A couple of jobs I had involved drawing "German Silver" a nickel/copper alloy for hermetically sealed relays.

rcmodel
July 27, 2013, 03:00 PM
It would be much simpler to machine casings from brass bar stock.That will only work for low pressure black powder calibers.

The drawing process imparts strength to the brass all out of proportion to a case machined from bar stock.

As mentioned earlier, the work hardened case head enters into how much pressure the finished case can withstand.

You don't get any of that when machining cases from bar stock.

rc

Sunray
July 27, 2013, 03:13 PM
"...I did the math of the physics..." It ain't the physics, it's the cost.
"...all I need to do is purchase the machinery and..." Got a place to put this stuff? Licences, etc? You don't need any press either. Cases aren't stamped.

vongh
July 27, 2013, 03:21 PM
Would'nt you also need a special lathe and form tools made for each individual cartridge to create the extractor groove?

Fn-Scar 17 s
July 27, 2013, 04:48 PM
you will be the best person ever if you can manage it be sure to E-mail The Firearms blog about your wonderful project right here http://www.thefirearmblog.com/blog/contact/ I recamend E-mailing both tips@thefirearmblog.com and steve@thefirearmblog.com they will be happy to run a story on you and you results I asure you dont be afraid to E-mail multible time though

jmorris
July 27, 2013, 05:14 PM
There is a video on this page that shows you everything you need step by step.

http://www.ssarmory.com/ammunitionmanufacturingequipment.aspx

The last 2 punch presses I bought were $500 each (20 ton and 30 ton) but then you would have to automate them and have tooling. By themselves they are nothing more than big hammers with a precise stroke.

I bet one could get going for just a few millon if he did it just right.

PapaG
July 27, 2013, 08:36 PM
You are going to need to investigate how to do batch annealing also.

Conservidave
July 27, 2013, 08:42 PM
weather you think you can, or weather you think you cant....either way you're right!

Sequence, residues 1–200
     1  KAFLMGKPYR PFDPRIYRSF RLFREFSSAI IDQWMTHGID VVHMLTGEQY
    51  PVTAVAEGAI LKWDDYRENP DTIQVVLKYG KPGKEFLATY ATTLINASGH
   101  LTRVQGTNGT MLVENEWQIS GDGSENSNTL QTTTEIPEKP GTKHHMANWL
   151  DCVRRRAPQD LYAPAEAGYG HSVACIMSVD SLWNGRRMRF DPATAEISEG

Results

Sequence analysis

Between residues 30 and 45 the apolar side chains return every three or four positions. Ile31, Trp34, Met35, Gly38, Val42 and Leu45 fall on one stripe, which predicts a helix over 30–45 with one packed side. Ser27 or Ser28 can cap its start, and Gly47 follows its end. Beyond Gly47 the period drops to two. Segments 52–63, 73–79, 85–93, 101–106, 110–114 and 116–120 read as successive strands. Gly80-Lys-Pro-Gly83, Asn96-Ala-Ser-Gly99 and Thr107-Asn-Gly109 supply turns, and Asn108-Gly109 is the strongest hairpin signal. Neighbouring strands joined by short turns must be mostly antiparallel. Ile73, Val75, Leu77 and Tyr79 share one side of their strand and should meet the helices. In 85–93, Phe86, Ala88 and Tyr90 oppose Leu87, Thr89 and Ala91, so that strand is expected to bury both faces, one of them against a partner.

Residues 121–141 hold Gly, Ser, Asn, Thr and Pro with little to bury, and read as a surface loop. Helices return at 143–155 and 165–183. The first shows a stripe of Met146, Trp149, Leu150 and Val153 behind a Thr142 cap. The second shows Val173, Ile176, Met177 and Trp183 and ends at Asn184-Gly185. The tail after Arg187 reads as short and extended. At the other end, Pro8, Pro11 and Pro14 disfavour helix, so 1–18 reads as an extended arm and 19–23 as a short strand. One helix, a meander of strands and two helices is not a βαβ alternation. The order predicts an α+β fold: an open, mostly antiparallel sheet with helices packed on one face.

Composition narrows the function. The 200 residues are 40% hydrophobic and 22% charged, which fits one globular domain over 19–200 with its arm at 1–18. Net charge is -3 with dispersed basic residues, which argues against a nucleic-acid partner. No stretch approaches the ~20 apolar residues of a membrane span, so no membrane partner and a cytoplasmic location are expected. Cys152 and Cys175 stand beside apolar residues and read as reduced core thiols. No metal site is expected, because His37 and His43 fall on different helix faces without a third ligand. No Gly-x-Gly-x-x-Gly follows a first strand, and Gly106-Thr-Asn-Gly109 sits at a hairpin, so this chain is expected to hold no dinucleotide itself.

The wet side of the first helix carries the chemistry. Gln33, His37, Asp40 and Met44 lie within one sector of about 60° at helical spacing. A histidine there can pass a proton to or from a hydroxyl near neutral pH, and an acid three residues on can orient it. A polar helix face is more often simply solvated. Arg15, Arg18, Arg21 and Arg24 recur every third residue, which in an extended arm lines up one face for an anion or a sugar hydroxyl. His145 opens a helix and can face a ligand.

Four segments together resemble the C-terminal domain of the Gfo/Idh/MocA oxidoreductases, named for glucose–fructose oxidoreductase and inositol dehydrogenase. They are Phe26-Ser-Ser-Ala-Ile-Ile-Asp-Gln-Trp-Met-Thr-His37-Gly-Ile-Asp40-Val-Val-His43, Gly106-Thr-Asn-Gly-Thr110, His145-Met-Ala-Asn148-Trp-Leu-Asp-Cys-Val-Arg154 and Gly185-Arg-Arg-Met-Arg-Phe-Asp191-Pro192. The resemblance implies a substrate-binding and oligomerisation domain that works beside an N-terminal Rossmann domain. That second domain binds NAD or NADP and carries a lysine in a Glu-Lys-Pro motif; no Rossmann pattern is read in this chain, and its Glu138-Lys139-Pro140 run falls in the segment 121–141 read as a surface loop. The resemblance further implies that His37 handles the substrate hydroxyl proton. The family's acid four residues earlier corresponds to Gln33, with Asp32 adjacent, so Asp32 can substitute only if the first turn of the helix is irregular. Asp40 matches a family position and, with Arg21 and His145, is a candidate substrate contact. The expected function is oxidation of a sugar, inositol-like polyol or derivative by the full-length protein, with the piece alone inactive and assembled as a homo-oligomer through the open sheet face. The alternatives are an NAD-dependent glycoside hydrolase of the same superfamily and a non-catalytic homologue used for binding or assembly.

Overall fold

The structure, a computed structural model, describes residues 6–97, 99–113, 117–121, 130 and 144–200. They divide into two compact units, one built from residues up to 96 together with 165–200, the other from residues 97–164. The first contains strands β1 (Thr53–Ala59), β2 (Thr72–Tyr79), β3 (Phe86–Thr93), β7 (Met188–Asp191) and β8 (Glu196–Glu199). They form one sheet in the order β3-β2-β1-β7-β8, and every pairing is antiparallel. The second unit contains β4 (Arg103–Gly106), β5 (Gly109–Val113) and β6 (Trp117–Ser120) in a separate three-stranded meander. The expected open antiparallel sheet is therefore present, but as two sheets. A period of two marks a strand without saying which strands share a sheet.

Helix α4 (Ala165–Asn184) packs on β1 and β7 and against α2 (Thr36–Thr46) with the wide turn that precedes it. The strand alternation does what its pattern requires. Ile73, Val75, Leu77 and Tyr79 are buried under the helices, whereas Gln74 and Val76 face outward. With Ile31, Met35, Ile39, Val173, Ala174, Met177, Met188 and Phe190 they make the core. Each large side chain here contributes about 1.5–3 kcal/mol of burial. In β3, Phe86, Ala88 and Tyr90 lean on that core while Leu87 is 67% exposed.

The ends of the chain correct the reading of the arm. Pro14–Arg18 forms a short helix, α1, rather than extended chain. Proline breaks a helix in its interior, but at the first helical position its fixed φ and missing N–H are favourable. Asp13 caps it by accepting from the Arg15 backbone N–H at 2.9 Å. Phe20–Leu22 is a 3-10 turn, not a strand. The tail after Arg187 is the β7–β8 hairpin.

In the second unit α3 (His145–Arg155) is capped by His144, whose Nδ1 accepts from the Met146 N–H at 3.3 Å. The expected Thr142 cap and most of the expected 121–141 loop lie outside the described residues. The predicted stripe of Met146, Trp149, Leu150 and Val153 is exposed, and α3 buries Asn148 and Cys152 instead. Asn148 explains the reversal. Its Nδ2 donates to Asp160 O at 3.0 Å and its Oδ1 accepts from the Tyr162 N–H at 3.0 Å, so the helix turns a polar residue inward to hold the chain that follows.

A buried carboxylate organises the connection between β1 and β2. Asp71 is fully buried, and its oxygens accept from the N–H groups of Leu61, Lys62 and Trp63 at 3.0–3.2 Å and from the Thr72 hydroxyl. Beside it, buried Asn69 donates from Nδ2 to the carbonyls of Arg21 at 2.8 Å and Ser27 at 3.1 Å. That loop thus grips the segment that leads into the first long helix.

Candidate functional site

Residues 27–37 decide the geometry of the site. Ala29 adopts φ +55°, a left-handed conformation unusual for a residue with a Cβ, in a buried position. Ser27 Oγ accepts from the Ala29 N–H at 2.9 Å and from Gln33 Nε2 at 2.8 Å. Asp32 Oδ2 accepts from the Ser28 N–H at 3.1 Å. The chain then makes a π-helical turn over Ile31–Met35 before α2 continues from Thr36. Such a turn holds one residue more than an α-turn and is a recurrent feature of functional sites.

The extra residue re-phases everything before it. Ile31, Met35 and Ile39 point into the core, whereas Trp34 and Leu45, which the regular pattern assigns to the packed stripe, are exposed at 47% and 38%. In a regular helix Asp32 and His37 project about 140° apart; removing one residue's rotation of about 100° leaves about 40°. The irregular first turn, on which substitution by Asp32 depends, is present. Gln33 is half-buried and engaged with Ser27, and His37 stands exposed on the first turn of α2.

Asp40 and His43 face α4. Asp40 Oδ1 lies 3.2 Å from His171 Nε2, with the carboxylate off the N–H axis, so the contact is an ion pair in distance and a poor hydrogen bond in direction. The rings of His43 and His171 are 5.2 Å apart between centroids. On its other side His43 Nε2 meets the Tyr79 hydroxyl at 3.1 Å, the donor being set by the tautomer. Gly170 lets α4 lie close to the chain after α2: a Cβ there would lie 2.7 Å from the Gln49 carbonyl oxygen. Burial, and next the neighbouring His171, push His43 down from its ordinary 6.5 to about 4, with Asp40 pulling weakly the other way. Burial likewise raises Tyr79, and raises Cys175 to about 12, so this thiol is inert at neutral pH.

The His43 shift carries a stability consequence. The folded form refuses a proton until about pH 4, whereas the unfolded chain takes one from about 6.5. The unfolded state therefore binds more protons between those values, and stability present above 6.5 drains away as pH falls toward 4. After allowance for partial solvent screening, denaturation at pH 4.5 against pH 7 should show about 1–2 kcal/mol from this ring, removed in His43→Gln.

Arkansas Paul
July 27, 2013, 10:48 PM
Helluva first post

Agreed!
While I am not optimistic, I am very interested to know how it turns out for you. Please update us and good luck!

jmorris
July 28, 2013, 09:38 AM
The business that I linked to above rebuilds and sells the type of equipment you are looking for.

Case Draw Presses
Case Trim
Heading Presses
Head Turn
Tapering Machines
Body and Neck Annealing
Pierce and Priming with Waterproofing Systems
Bullet Assembly
Lead Headers
Ballistics Equipment
Loading Machines
Linking
Hopper Feed Systems

Annealing the product, portions of or in entirety will be the easy part of your project.

Rule3
July 28, 2013, 10:36 AM
Put your money and time and money into making bullets out of 22 brass.;)

brickeyee
July 28, 2013, 08:03 PM
what I wanted to know was if anyone had any advice as to what size press I would need for deep drawing the brass.

Not any normal press.

ironworkerwill
July 29, 2013, 07:57 PM
I think it's intrepid of dragon613. You will only be limited by your desire to make it happen. Remember 99 percent perspiration.

jmorris
July 30, 2013, 09:43 AM
Quote:
what I wanted to know was if anyone had any advice as to what size press I would need for deep drawing the brass.

Not any normal press.

Nothing special about the presses, just the tooling.

here is one for $1200

http://www.ebay.com/itm/Bliss-Punch-Press-No-39-/271245368510?pt=US_Heavy_Equipment&hash=item3f277bdcbe

The presses themselves can be had cheap at equipment auctions. Most of the bidders are scrap guys, they just take the motors off and get scrap price for the iron.

All of the tooling required for the process/automation would be the expensive part.

Hondo 60
July 30, 2013, 10:06 AM
If you have the machinery needed, I'd LOVE to see pics of the finished brass. :D

brickeyee
July 30, 2013, 02:57 PM
Nothing special about the presses, just the tooling.


That is pretty far from any normal reloading press.

jmorris
July 30, 2013, 09:36 PM
Oh yes, much different than reloading presses but they are quite common and have been around since the 19th century.

The style used in the video I linked to is the flywheel type.
http://en.wikipedia.org/wiki/Punch_press